The Slits’ Viv Albertine Defaces Male-Focused Punk Exhibition | Pitchfork (July 2016) ed note: HYFR, BAMF move.
How we made Cut | The Guardian (June 2013)
Like Choosing a Lover: Viv Albertine’s Favorite Albums | The Quietus (April 2013)
Girls Unconditional: The story of the Slits, told exclusively by the Slits | Loud and Quiet (July 2009)
Cut re-release album review | Pitchfork (February 2005)

On Dionne Warwick, Burt Bacharach, and Hal David
Anyone Who Had a Heart: My Life and Music (Burt Bacharach’s memoir) | 2014
My Life, as I See It  (Dionne Warwick’s memoir) | 2010

50 Essential Albums of 1967: Dionne Warwick’s Golden Hits, Part 1 | Rolling Stone (September 2017)
Burt Bacharach interview: what was it all about? | The Telegraph (June 2013)
Dionne Warwick: ‘I refused a couple of Bacharach and David songs’ | The Guardian (November 2012)
Dionne Warwick sings Hal David’s last lyrics | CNN (September 2012)
Music And Lyrics: Burt Bacharach and Hal David | NPR (May 2010)
Bacharach and David: Reconciled and Honored | LA Times (May 1993)
Singers: Spreading the Faith | Time (July 1967)

 

Episode Credits:
Creator and co-host: Carly Jordan

Co-host, editor, producer: Carrie Courogen
Special thanks to: Becky Kraemer and Viv Albertine

Episode 3.1: Eli and the Thirteenth Confession

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Eli and the Thirteenth Confession – Laura Nyro – Columbia – 1968

The source of inspiration for her peers and generations of songwriters to come, Bronx-born Laura Nyro has a legacy that has only grown in legend and mysticism since her untimely death in the early ‘90s. Lauded by Carole King, likened to Joni Mitchell, and emulated by some of today’s cleverest singer-songwriters, her style was singular, speaking of and to the female experience in a way that was at once specific and universal, relatable and abstract.

In this episode, we comb through her 1968 album Eli and the Thirteenth Confession, a collection of songs so rife with evocative imagery and sense of self that it brought up many of our own memories, connections to our own experiences as young women in 2018, and of course, musical earworms. For a 50-year-old album recorded and produced by a 20-year-old girl, this prodigious record still remains astonishingly relevant.

Listen to Eli and the Thirteenth Confession: iTunes | Spotify | YouTube

Subscribe on iTunes

Episode notes and postscript corrections

  • Hello, and welcome to a new season of the pod! Literally nothing has changed; we’re just calling it a new season because we took a break (because we are our own bosses who determine when and why we go on hiatus and when and why we come back!)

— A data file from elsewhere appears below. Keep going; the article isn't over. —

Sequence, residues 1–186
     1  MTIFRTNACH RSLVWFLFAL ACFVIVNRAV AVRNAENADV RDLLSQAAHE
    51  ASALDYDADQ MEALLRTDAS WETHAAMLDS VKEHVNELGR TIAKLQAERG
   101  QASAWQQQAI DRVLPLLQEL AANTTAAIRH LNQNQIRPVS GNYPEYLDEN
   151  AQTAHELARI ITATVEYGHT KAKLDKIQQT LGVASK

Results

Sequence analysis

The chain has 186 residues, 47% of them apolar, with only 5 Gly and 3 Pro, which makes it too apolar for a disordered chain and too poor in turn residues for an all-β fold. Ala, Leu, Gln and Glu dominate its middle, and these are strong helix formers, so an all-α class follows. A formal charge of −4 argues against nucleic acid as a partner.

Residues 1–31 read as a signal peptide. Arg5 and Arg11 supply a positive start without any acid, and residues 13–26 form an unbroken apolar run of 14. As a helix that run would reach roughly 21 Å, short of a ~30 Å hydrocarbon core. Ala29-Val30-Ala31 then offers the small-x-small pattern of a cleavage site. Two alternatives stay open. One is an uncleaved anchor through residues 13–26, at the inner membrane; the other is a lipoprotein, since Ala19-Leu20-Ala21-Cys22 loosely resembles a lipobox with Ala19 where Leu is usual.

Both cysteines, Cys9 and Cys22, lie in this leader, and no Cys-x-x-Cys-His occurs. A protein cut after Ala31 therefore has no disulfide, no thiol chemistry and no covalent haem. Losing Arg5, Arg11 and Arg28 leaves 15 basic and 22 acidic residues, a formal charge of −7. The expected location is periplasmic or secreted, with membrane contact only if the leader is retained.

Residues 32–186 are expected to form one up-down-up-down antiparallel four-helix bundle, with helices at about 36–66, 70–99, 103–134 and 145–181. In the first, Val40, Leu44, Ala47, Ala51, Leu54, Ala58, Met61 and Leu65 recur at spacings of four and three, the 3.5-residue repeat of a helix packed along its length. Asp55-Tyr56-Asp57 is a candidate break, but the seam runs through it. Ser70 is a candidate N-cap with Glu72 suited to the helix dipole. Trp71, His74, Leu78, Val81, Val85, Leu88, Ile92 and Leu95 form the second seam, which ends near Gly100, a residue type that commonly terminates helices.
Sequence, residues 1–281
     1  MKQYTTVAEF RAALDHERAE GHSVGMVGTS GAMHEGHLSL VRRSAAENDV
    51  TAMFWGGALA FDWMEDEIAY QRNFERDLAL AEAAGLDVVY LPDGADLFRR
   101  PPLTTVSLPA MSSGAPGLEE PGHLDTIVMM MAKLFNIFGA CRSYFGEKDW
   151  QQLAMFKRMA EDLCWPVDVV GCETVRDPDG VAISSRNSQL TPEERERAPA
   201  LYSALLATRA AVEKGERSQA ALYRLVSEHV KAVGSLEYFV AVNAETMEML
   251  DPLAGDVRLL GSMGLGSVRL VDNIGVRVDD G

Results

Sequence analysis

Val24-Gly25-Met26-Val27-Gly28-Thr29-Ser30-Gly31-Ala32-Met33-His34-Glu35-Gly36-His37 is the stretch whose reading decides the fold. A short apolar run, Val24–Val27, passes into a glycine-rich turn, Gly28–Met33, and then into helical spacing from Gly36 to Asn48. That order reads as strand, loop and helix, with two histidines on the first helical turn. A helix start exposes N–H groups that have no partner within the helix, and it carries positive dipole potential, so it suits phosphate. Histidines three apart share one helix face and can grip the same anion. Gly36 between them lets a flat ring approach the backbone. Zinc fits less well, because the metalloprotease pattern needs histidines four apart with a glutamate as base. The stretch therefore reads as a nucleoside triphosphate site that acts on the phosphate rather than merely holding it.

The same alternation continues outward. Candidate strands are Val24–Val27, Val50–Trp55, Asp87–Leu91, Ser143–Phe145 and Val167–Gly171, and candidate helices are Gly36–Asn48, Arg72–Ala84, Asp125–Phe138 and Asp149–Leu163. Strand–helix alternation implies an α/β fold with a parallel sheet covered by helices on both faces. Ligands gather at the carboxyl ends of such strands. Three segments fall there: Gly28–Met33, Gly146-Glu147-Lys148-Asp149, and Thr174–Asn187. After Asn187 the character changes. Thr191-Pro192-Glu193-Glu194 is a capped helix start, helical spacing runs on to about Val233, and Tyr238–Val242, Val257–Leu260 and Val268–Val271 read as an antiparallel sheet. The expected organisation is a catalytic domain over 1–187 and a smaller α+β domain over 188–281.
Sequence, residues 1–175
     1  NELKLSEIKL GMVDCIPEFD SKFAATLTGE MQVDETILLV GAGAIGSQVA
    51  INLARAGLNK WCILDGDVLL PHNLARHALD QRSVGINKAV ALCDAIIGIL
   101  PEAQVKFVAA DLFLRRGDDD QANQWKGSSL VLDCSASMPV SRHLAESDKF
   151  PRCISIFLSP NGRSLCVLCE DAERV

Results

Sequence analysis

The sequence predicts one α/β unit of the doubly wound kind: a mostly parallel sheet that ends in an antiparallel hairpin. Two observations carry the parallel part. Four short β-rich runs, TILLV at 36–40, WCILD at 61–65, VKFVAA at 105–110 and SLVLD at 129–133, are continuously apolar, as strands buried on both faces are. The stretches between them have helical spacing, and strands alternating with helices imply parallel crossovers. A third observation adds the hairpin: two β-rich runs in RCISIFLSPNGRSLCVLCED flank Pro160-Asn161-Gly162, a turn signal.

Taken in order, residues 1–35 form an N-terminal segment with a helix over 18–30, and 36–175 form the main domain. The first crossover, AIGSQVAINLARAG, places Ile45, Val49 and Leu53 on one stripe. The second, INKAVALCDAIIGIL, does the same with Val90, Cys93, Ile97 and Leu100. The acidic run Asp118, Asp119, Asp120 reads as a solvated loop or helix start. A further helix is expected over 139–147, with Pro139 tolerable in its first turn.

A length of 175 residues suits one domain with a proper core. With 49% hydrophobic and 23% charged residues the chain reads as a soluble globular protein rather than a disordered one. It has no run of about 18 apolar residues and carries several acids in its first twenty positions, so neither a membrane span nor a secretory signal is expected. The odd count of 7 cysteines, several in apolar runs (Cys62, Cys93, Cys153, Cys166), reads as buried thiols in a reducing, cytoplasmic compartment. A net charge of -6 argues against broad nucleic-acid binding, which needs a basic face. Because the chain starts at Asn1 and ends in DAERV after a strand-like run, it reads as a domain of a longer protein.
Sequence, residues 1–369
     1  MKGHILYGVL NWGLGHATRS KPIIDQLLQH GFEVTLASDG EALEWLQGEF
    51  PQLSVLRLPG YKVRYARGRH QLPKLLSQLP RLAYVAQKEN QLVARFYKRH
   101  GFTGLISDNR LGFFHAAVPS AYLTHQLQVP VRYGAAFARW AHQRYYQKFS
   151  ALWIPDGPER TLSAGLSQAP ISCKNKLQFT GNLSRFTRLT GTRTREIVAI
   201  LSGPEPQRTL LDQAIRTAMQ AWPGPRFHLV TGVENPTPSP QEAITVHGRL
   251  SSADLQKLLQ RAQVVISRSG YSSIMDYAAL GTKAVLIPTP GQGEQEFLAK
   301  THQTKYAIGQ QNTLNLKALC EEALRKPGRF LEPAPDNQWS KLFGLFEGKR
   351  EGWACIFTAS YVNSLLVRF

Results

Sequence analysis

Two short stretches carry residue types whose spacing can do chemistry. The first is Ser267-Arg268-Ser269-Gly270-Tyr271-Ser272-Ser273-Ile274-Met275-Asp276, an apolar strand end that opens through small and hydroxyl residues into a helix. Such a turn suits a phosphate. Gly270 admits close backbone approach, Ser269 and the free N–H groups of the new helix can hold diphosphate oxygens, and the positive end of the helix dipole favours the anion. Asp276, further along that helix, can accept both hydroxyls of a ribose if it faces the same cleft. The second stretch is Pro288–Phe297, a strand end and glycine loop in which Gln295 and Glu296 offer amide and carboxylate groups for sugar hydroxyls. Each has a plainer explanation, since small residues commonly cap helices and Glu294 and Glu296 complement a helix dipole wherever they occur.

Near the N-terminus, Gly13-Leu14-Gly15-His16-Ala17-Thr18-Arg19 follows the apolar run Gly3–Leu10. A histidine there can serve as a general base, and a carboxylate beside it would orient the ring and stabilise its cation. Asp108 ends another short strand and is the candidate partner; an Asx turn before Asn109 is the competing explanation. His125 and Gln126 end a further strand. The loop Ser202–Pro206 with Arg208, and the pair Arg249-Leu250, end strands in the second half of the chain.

• Some things we mentioned to check out:
    • The Rock & Roll Explorer Guide to New York City is a dope book if you’re into New York and music and history and where they all intersect and want to know where everything happened. We were pleased to moderate the discussion for the book’s launch at Rough Trade this week.
    • ‘80s Redux is a dope book if you’re into music and the ‘80s and photography of cool people doing cool things.
  • So, uh, more than a year into this pod and this is the first time we’ve actually covered a ‘60s album. Can you believe?
  • We’re gonna talk about this a lot because we’re so shook by it, but something to keep in mind during this whole thing: Laura Nyro was just 20 when this was made. TWENTY.
  • Lol here we are again debating an album’s season.
    • Is Eli and the Thirteenth Confession a fall? Or a summer?
    • Do other normal people classify music like this?
  • Don’t forget to hit up and follow our master playlist on Spotify to hear all these songs, the covers that actually made money, and more!
  • “YES, WE KNOW.” — all of you when Carrie says she hates flutes
  • See our further watching links below to see the debut of “Poverty Train” at the Monterey Pop Festival in 1967. Cry your eyes out when you hear they were yelling “beautiful” at her, knowing she spent her whole life since thinking they were booing.
  • Evergreen Take: “Dated” doesn’t always necessarily mean bad or unenjoyable.
  • “Lonely Women” clearly created a divide in interpretation between the two of us. Slide into our DMs or email us to let you know what you think. It’s complicated and we’re interested.
  • In case you missed it, this album is feminist as hell, and it’s fascinating and surprising to see how much of it translates to today.
  • See our further reading links below for some more info about Laura Nyro’s relationship with Maria Desidero, who may or may not have been the inspiration for “Timer” and “Emmie.”
  • We definitely have very specific wishes of songs that we’d want other bands or artists to cover — so specific we can hear how they’d sound in our brains — that will likely never, ever happen. Message us to find out / Please tell us if you’ve done this too so we don’t feel too weird.
  • Don’t listen to “December’s Boudoir” unless you’re ready to get the Sunday Sads.
  • Talk to us about anything and everything ~feminism~ we covered re: “The Confession” — i.e. second wave feminism vs. fourth wave, “as a father of daughters…” — ANYTHING! We love to talk about this stuff.

Favorite track(s): Luckie and Timer (Carly) | Eli’s Comin’ and Stoned Soul Picnic (Carrie)
Least favorite track: December’s Boudoir (Carly) | December’s Boudoir (Carrie)

Album credits:

  • Laura Nyro — piano, vocal, harmonies, “witness to the confession”
  • Ralph Casale — acoustic guitar
  • Chet Amsterdam — acoustic guitar, bass
  • Hugh McCracken — electric guitar
  • Chuck Rainey — bass
  • Artie Schroeck — drums, vibes
  • Buddy Saltzman — drums
  • Dave Carey — percussion
  • Bernie Glow, Pat Calello, Ernie Royal — trumpet
  • George Young, Zoot Sims — saxophone
  • Wayne Andre, Jimmy Cleveland, Ray DeSio — trombone
  • Joe Farrell — saxophone, flute
  • Paul Griffin — piano on “Eli’s Comin'” and “Once It Was Alright Now (Farmer Joe)”

Further watching:
Laura Nyro in the Connecticut Women’s Hall of Fame | 2014
Laura Nyro’s Rock and Roll Hall of Fame induction | 2012
Alice Cooper discusses his love for Laura Nyro (ed note: OH MY GOD) | 2011
“Poverty Train” at the Monterey Pop Festival (with current intro from D.A. Pennebaker, Michelle Phillips, and Lou Adler) | 1967

Further reading: 
Laura Nyro remembered: “A musical force of nature” | Uncut (June 2017)
Laura Nyro’s Lasting, Eclectic Musical Legacy | NPR (December 2011)
Eli and the Thirteenth Confession, Maria Desiderio | Rabdrake Blog (October 2009)
An Enigma Wrapped in Songs | The New York Times (October 1997)
Laura Nyro’s legacy of passion | Entertainment Weekly (April 1997)